In 2015, fans were up-in-arms when they learned that the face of the show, Jeremy Clarkson, was being let go from Top Gear. However, it wasn’t for no reason. Back in 2014, Clarkson was already playing with fire with the producers.
The reason being for making a questionable comment on the “Burma Special” episode, saying another derogatory word off-camera, and literally being chased by a riot out of Argentina. Yet, the straw that broke the camel’s back was when physically assaulted producer Oisin Tymon.
Clarkson Rose From The Ashes
Even though Clarkson was fired from Top Gear for several reasons, Amazon Studios saw this as an opportunity and picked him up for a revival show titled The Grand Tour. While on BBC, Top Gear had a budget of around $556,000 per episode, but with Amazon, the budget was drastically increased from $1.2 to $4.9 million an episode.
According to Netflix Chief Content Officer Ted Sarandos, the initial price for the show’s license was $160 million, but Amazon fought for it, eventually spending $250 million.
The Hosts Make A Pretty Penny, Especially Jeremy Clarkson
Since Top Gear has had such an incredible run and impressive viewership for so many years, it’s no surprise that presenters are well compensated for their work. However, since Jeremy Clarkson had been there the longest, he was obviously paid more, with a salary of around $4 million.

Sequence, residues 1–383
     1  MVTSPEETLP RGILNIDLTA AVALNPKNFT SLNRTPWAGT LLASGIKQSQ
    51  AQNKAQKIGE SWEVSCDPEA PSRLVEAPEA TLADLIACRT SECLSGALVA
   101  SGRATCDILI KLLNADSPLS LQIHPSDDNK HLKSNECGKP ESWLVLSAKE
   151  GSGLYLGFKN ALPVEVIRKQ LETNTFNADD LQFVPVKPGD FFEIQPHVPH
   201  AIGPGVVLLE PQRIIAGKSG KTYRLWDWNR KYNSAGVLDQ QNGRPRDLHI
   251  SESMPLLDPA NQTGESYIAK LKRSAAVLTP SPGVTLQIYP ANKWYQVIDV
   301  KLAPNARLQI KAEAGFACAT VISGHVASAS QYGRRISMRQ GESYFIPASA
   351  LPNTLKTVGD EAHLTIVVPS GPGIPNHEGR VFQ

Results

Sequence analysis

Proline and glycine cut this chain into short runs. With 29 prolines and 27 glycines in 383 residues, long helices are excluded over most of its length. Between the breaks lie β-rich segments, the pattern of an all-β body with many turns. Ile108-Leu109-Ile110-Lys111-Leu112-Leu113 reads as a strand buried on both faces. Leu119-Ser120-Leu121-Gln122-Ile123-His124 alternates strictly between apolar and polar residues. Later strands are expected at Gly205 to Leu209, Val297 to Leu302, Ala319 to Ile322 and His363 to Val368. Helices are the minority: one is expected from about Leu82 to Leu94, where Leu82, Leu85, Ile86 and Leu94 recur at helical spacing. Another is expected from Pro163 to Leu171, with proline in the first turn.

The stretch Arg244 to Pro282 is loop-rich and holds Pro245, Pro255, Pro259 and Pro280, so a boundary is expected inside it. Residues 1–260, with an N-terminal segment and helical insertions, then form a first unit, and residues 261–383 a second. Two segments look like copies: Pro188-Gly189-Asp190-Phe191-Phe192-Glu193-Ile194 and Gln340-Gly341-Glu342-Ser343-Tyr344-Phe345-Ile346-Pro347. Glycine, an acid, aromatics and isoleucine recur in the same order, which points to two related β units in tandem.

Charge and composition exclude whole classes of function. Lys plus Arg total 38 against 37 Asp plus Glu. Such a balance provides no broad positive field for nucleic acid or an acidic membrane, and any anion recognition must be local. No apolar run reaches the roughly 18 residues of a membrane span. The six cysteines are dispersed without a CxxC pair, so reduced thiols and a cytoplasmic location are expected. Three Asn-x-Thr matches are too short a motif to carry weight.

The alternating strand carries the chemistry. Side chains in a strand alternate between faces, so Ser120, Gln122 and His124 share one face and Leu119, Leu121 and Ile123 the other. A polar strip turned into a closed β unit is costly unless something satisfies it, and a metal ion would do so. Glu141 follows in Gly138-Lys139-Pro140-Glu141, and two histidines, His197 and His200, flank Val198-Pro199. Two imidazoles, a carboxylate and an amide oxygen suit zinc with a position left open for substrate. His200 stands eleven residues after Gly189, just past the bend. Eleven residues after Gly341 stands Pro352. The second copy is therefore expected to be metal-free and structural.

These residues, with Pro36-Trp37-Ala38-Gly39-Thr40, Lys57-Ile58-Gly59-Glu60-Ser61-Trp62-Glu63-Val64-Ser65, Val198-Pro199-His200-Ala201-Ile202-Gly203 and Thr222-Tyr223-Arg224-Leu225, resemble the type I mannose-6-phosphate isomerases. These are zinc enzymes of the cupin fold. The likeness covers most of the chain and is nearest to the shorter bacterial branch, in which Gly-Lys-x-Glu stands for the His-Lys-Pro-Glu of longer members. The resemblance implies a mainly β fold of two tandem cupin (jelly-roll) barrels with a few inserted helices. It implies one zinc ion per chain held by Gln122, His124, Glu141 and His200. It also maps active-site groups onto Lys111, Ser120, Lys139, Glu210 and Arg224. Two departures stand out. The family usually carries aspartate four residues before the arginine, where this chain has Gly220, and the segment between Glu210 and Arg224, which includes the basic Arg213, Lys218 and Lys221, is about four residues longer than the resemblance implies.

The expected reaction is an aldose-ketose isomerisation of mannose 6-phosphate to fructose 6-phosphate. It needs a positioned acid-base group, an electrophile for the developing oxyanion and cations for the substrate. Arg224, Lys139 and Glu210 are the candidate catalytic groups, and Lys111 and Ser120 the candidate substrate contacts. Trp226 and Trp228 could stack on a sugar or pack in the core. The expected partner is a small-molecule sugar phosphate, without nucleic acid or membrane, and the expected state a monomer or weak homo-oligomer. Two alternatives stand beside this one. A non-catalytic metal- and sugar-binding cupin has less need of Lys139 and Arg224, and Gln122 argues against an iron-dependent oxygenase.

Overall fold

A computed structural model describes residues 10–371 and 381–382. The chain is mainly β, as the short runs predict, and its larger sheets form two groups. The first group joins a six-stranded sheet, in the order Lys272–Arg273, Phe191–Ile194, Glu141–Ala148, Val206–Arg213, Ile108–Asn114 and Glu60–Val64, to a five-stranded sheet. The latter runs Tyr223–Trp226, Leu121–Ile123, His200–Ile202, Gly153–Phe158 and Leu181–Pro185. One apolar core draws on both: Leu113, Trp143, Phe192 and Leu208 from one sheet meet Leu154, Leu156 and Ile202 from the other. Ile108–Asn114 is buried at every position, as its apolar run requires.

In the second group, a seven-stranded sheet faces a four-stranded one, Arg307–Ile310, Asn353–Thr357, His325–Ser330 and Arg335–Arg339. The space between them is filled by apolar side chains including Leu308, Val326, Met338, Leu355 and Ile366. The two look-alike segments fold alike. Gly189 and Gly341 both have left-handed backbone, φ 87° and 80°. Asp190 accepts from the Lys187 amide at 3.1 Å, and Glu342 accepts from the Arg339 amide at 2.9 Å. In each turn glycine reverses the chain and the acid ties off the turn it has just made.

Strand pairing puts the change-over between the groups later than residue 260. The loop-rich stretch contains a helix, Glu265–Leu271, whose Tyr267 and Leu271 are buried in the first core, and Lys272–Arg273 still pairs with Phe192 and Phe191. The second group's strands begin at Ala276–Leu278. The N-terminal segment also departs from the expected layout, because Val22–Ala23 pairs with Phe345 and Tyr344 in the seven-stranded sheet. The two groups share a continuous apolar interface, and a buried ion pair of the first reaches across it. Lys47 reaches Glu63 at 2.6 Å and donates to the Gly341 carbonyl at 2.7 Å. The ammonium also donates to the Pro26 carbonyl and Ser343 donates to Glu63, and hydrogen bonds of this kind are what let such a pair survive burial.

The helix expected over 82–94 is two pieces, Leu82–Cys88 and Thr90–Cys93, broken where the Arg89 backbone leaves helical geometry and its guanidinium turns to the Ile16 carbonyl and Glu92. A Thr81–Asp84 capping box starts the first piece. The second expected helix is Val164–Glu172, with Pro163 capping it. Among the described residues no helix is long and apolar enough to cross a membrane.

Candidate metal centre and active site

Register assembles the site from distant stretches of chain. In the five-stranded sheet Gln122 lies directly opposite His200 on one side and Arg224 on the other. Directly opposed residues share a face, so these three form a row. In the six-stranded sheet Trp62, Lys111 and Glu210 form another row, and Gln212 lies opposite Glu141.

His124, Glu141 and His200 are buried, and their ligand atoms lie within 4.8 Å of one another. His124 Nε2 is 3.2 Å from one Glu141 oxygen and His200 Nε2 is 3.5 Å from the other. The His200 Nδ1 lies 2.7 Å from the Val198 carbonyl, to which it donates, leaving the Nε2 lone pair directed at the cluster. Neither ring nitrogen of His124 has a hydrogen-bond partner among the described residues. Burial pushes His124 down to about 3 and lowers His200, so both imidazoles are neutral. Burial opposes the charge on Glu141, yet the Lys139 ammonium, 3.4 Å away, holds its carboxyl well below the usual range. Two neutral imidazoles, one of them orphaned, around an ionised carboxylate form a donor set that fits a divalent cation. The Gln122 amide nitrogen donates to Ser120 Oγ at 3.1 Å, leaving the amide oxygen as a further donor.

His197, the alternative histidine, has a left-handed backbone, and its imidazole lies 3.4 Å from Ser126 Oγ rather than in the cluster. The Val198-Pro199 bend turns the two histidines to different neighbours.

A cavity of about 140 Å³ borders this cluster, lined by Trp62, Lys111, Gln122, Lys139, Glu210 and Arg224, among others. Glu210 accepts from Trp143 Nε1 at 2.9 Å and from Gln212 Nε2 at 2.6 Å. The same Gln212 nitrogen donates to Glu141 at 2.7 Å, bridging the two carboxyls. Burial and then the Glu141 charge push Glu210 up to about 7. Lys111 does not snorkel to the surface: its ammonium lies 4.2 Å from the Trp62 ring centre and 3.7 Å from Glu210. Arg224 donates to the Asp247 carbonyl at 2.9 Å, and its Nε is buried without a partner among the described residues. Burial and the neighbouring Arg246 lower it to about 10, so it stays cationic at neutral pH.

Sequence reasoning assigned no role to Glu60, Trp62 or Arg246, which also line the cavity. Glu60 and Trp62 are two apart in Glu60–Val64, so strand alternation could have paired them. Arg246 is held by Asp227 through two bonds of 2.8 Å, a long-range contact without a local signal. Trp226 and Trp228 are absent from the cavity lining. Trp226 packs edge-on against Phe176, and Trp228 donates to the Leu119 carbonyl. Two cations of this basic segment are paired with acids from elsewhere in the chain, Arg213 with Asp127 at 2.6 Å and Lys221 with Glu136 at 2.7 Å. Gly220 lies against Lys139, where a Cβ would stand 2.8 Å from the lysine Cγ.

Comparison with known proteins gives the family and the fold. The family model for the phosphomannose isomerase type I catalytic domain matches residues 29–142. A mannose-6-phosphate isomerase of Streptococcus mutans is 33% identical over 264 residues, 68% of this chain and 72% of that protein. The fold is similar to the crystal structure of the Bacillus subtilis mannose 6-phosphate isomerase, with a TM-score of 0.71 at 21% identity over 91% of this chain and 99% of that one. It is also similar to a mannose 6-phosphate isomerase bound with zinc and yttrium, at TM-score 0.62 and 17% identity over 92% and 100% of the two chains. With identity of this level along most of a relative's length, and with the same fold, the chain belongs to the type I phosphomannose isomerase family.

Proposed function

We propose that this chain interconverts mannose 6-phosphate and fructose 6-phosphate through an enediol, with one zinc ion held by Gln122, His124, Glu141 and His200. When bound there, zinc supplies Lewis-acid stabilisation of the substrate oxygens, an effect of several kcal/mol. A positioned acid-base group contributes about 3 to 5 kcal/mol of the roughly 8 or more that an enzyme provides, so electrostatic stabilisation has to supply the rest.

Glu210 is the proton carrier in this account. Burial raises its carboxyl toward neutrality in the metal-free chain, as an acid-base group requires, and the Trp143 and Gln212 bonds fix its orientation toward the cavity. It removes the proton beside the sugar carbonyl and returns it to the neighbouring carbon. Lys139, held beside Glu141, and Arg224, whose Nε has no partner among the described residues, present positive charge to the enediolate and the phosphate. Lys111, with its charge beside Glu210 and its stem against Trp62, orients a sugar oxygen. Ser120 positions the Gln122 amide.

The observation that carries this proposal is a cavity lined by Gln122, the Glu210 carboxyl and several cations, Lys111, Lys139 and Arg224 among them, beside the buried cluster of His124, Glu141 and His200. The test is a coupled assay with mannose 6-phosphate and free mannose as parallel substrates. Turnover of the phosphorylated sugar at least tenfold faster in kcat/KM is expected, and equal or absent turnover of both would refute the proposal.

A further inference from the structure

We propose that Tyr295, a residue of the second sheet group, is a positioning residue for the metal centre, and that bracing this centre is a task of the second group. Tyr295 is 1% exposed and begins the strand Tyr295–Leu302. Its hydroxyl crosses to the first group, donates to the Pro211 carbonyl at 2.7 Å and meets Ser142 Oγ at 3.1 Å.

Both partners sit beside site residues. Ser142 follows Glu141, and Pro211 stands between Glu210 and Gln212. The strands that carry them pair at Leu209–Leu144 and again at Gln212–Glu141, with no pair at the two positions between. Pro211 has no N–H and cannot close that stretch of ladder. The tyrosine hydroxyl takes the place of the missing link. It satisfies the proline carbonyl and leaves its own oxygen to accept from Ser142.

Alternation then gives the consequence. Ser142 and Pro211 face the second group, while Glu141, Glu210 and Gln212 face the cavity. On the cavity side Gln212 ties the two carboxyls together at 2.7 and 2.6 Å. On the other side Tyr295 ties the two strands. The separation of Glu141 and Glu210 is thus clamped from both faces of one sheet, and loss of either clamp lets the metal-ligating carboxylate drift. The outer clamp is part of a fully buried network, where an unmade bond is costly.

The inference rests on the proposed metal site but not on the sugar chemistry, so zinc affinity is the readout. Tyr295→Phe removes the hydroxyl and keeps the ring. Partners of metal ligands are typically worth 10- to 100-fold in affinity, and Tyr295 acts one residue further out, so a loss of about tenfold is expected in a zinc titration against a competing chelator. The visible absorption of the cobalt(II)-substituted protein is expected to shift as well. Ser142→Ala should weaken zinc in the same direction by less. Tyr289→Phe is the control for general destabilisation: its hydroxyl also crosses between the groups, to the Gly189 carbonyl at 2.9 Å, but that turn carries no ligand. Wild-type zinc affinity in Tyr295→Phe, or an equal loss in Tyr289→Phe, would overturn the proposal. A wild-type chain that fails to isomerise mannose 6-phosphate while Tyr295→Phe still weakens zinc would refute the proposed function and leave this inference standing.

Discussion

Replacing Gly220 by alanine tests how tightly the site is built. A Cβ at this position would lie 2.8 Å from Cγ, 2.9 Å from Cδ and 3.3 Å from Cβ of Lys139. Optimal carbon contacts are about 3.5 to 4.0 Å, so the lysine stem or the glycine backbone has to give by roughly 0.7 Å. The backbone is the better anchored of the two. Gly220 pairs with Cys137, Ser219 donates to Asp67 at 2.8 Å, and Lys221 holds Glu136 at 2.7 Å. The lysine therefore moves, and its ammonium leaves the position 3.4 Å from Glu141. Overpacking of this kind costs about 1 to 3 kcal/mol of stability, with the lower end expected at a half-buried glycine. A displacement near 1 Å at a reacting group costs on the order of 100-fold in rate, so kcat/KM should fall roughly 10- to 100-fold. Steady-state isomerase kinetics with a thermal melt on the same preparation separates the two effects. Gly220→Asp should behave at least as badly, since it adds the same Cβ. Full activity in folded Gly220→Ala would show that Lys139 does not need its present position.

While that may seem rather modest, that’s far from how much he actually earned. Clarkson also owned 30% of Top Gear and made more than enough of his fair share of bonuses and dividends from the show. It’s estimated that the host’s total net worth is somewhere around $60 million.
Another Show Tried To Steal Top Gear’s Name
When Top Gear was canceled in 2001, Channel Five came up with Fifth Gear, another British motoring series that was essentially the same thing as Top Gear. The show even had three of Top Gear’s previous presenters and wanted to buy the name of Top Gear desperately, but BBC refused.
Although Fifth Gear ran until 2012, it was eventually canceled, rebooted, and canceled again in 2016 due to a lack of funding. This is for the better because we wouldn’t have been given the Top Gear that we know today.
The Identity Of “The Stig”
Fans of Top Gear will know that the character “The Stig” is a mute, anonymous driver that keeps his identity a secret, showing up to perform stunts when nobody else wants to. The Stig was the idea of executive producer Andy Wilman, with his purpose being to add some comic relief to the program.
Over the course of the show, there have been three different people as The Stig. In order, they have been, Perry McCarthy for the first 22 episodes of the relaunch, Ben Collins from 2003 to 2010, and the current Stig’s identity remains a secret.
James May Wasn’t Initially Going To Be On The Show